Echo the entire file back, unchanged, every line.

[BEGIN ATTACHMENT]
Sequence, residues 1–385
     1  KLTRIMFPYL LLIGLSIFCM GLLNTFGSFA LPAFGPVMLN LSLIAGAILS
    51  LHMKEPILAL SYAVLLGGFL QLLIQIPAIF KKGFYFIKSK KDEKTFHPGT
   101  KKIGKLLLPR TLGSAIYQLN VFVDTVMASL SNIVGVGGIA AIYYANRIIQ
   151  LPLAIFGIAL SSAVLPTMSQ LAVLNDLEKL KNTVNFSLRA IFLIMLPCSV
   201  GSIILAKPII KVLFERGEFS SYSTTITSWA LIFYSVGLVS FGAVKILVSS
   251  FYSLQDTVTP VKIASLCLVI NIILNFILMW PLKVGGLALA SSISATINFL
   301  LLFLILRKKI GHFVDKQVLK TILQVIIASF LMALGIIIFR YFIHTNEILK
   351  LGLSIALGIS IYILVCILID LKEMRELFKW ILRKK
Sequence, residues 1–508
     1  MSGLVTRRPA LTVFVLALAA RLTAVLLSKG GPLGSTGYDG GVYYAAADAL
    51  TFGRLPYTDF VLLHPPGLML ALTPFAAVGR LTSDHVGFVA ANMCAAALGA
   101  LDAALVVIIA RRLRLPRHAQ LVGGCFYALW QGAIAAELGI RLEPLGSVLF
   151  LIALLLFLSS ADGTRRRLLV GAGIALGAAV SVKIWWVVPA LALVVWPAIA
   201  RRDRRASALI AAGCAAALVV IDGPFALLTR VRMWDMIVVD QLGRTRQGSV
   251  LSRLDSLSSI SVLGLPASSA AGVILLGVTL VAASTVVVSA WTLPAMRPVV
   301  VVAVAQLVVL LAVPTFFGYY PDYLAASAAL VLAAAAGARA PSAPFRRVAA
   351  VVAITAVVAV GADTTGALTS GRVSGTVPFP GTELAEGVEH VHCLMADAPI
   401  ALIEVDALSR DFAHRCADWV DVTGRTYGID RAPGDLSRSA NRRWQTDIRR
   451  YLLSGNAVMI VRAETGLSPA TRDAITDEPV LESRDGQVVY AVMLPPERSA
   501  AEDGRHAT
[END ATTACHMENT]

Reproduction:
Sequence, residues 1–385
     1  KLTRIMFPYL LLIGLSIFCM GLLNTFGSFA LPAFGPVMLN LSLIAGAILS
    51  LHMKEPILAL SYAVLLGGFL QLLIQIPAIF KKGFYFIKSK KDEKTFHPGT
   101  KKIGKLLLPR TLGSAIYQLN VFVDTVMASL SNIVGVGGIA AIYYANRIIQ
   151  LPLAIFGIAL SSAVLPTMSQ LAVLNDLEKL KNTVNFSLRA IFLIMLPCSV
   201  GSIILAKPII KVLFERGEFS SYSTTITSWA LIFYSVGLVS FGAVKILVSS
   251  FYSLQDTVTP VKIASLCLVI NIILNFILMW PLKVGGLALA SSISATINFL
   301  LLFLILRKKI GHFVDKQVLK TILQVIIASF LMALGIIIFR YFIHTNEILK
   351  LGLSIALGIS IYILVCILID LKEMRELFKW ILRKK
Sequence, residues 1–508
     1  MSGLVTRRPA LTVFVLALAA RLTAVLLSKG GPLGSTGYDG GVYYAAADAL
    51  TFGRLPYTDF VLLHPPGLML ALTPFAAVGR LTSDHVGFVA ANMCAAALGA
   101  LDAALVVIIA RRLRLPRHAQ LVGGCFYALW QGAIAAELGI RLEPLGSVLF
   151  LIALLLFLSS ADGTRRRLLV GAGIALGAAV SVKIWWVVPA LALVVWPAIA
   201  RRDRRASALI AAGCAAALVV IDGPFALLTR VRMWDMIVVD QLGRTRQGSV
   251  LSRLDSLSSI SVLGLPASSA AGVILLGVTL VAASTVVVSA WTLPAMRPVV
   301  VVAVAQLVVL LAVPTFFGYY PDYLAASAAL VLAAAAGARA PSAPFRRVAA
   351  VVAITAVVAV GADTTGALTS GRVSGTVPFP GTELAEGVEH VHCLMADAPI
   401  ALIEVDALSR DFAHRCADWV DVTGRTYGID RAPGDLSRSA NRRWQTDIRR
   451  YLLSGNAVMI VRAETGLSPA TRDAITDEPV LESRDGQVVY AVMLPPERSA
   501  AEDGRHAT